|Oregon State Bar Bulletin AUGUST/SEPTEMBER 2011|
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|Rule 1.14 Client with Diminished Capacity|
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Oregon death row inmate and convicted two-time murderer Gary Haugen just wants to be executed.
State law allows inmates like him to end their appeals and accept execution, he told The Oregonian in an interview in July. So he finds it ironic and absurd that people, including two of his court-appointed attorneys, question his mental competency to make that choice.
Needless to say, those attorneys disagree.
“The bottom line, with the criminal-justice system, is criminal practice is mental-health practice,” one of his now-former lawyers, W. Keith Goody of Washington, told The Bulletin. “If you don’t have a good foundation in mental health, you’re not doing your job as a lawyer.”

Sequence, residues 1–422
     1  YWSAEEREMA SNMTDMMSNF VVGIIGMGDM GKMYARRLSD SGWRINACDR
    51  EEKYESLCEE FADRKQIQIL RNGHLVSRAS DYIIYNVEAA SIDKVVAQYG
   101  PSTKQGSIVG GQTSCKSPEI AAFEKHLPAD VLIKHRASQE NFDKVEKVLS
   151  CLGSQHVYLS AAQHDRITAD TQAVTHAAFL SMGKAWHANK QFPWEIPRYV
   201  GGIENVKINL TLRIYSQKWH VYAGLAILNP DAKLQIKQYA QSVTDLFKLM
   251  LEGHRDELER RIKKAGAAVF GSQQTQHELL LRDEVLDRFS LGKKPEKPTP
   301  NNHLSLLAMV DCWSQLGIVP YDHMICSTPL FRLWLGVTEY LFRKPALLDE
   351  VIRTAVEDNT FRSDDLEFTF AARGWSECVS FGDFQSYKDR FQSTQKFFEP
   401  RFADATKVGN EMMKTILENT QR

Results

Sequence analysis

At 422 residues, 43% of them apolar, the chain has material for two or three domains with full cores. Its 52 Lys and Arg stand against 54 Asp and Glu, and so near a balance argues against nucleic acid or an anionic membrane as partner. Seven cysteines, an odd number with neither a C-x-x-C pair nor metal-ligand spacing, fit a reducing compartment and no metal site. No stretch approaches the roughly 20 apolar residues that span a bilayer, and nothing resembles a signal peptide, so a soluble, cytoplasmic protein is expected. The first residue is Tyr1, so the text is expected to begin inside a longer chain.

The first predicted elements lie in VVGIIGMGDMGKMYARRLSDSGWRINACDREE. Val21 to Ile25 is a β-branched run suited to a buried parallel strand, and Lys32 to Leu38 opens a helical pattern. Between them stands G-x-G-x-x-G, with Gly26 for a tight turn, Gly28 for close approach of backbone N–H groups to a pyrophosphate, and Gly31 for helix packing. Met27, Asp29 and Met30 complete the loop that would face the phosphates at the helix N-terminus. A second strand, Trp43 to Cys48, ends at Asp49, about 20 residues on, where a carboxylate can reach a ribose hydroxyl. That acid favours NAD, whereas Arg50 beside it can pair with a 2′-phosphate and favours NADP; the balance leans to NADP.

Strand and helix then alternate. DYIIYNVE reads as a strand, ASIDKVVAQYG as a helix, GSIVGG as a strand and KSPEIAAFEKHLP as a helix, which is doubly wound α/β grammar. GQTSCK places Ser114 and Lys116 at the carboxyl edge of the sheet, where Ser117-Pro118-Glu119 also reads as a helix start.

Experts on diminished capacity say that lawyers like Goody are doing the right thing when they press to have their clients evaluated. In fact, they say that lawyers should ask themselves whether their clients may have diminished capacity much more frequently than they do, given the increasing number of Middle East war veterans with diagnosed or undiagnosed brain injuries and aging baby boomers.
“Delusions and hallucinations are easy to spot,” says Alex Bassos, training director for Metropolitan Public Defender Services, Inc. (MPD) in Multnomah and Washington counties and co-author of the book Mental Health and Criminal Defense. “It’s tough to miss when someone is adamant about aliens or distracted by conversations with people who aren’t there. As a result, psychosis is likely to be identified by the defense attorney, acknowledged by the district attorney and understood by the judge.”